Seattle-based Fleet Foxes are known for their ornate, harmonious sound, a formula which they’ve mastered over the course of their now four-album discography. On their newest album, Crack-Up, out via Nonesuch, Fleet Foxes expand this formula to perfection. Where Helplessness Blues contained a few questionable moments — take the Beefheart-esque free jazz insanity at the end of “The Shrine,” for instance — each piece of Crack-Up feels important and well-reasoned; at no point on Crack-Up do frontman Robin Pecknold’s experimental excursions feel too erratic to fit with the rest of the album. That’s not to say that Crack-Up is overly safe, though; in fact, compared to other Foxes releases, it’s a huge leap away from pop sensibility.
In lieu of traditional choruses, the album’s songs are often split into interestingly distinct movements which bear little relation to each other. Crack-Up’s only potential issues stem from just a few songs. “Fool’s Errand” is the poppiest of the bunch, with a big, anthemic chorus, but its structure goes nowhere. And then there’s “Mearcstapa,” probably the album’s most challenging song. Despite some interesting Eastern sounds, the song offers little to latch on to. Perhaps more listens will resolve this.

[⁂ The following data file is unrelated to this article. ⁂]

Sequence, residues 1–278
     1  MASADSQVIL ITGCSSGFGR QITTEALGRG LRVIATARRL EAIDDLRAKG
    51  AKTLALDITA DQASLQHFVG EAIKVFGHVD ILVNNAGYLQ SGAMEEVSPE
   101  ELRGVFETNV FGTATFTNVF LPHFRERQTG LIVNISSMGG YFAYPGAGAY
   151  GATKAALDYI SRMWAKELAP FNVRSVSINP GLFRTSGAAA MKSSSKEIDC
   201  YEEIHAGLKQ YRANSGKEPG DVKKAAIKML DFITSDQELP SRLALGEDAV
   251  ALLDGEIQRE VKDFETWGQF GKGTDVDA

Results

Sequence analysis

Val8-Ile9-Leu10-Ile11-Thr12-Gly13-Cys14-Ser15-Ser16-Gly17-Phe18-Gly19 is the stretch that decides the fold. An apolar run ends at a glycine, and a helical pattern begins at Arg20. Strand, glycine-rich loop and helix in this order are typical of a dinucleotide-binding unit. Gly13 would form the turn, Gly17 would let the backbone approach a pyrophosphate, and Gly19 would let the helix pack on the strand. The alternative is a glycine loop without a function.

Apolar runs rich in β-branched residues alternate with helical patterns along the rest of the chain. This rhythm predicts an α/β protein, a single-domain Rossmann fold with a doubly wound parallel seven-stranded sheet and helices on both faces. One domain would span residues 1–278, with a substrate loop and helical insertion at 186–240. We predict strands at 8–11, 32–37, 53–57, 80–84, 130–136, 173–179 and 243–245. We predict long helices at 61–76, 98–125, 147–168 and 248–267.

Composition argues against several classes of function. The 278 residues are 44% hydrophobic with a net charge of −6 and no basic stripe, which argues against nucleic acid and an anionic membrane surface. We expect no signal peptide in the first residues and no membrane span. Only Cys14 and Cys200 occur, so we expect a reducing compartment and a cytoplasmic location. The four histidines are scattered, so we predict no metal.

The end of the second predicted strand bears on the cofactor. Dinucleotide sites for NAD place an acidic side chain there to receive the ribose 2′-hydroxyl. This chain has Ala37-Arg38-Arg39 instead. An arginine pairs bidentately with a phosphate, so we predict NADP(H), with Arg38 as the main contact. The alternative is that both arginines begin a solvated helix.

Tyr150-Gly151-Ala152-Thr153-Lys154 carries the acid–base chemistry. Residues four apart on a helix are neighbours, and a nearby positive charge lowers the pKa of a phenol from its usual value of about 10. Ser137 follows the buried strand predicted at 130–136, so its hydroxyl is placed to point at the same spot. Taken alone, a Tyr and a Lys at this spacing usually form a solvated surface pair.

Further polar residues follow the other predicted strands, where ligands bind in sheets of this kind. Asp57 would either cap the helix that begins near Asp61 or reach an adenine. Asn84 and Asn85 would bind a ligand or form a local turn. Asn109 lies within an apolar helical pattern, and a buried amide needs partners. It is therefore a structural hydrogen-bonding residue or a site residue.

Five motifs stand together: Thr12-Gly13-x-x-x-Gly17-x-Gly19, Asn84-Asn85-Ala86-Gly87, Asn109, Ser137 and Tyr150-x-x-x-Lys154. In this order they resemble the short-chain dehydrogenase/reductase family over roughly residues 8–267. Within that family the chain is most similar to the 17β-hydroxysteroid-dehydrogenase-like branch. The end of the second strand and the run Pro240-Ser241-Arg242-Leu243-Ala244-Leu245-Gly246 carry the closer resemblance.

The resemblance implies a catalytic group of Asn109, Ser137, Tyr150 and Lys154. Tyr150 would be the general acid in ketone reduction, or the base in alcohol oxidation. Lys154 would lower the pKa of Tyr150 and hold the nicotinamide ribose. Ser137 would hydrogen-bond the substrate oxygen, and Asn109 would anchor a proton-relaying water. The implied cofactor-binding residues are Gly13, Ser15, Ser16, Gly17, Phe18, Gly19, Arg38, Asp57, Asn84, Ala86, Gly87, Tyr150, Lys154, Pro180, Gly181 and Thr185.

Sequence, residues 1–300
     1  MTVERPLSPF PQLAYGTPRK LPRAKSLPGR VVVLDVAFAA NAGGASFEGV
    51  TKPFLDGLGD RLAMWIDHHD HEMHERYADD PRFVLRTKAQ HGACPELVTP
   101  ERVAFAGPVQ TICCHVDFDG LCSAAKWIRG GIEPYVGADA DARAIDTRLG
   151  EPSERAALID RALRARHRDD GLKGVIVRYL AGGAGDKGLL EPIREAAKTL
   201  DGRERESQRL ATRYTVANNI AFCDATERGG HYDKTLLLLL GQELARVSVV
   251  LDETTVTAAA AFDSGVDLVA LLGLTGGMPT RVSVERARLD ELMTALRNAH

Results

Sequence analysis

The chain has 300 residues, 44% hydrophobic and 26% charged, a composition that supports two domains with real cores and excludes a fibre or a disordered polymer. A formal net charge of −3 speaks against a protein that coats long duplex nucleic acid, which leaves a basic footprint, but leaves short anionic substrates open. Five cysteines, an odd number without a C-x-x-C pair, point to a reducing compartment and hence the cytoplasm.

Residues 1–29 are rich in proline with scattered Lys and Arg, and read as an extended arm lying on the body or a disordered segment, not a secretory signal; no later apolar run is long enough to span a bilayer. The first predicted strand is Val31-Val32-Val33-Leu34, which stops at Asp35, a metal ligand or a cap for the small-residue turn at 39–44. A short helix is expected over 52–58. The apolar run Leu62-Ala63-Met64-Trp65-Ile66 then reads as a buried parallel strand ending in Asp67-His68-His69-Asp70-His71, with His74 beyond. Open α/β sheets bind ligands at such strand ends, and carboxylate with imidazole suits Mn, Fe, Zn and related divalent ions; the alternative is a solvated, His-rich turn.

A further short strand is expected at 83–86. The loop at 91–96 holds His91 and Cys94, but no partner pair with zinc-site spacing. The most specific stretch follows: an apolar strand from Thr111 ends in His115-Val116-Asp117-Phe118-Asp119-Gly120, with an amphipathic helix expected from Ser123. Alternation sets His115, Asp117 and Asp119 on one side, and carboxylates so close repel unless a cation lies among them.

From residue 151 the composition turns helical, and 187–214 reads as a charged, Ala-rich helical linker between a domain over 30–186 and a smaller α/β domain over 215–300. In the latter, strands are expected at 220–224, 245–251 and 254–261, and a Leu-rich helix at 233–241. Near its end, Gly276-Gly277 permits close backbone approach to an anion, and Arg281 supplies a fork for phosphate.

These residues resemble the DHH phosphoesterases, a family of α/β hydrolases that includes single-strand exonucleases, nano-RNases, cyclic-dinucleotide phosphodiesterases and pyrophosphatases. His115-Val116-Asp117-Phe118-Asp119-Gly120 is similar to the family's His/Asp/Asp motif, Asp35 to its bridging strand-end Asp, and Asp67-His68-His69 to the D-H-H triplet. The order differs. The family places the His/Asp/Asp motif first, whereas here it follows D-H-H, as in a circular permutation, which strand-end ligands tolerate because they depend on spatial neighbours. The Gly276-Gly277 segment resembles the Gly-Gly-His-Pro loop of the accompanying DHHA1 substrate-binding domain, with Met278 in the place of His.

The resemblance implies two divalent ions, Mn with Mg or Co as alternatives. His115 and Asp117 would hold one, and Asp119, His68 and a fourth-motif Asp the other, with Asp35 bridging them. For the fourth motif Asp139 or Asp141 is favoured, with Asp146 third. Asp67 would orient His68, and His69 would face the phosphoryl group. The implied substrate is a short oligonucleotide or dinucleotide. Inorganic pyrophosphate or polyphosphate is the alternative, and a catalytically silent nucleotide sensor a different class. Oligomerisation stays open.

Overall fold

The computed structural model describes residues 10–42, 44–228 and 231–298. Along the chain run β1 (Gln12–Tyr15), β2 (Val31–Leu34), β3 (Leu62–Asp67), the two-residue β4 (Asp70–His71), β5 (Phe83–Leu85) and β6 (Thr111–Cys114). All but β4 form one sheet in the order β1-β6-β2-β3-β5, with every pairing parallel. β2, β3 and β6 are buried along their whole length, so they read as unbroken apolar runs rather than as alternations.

As usual, Pecknold et. al. weave an impressive number of sounds into tight, melodic compositions on their latest project. The sheer density of Crack-Up might be its most impressive characteristic; it’s rare to hear less than five or six different tracks at any given moment. Buried in the quiet moments of “Kept-Woman,” for instance, what sounds like the drone of a cello or violin is just barely discernible in the mix. It’s quiet enough to be practically unnoticeable, but it shows the commitment the band has to its sound: that impossibly intricate yet functional collage of noises they add to on each and every track. It’s true that less is often more, but sometimes, as on Crack-Up, more is simply more.
From Pecknold’s ever-cryptic songwriting — all wrapped up in his personal life and political views — to the stellar instrumentation and complex, baroque arrangements that pervade the album, Crack-Up is fantastic through and through. In the lengthy expanse of time since their last release back in 2011, Fleet Foxes might have lost a few fans, but whatever fans remain will be happy to have waited six years for Crack-Up.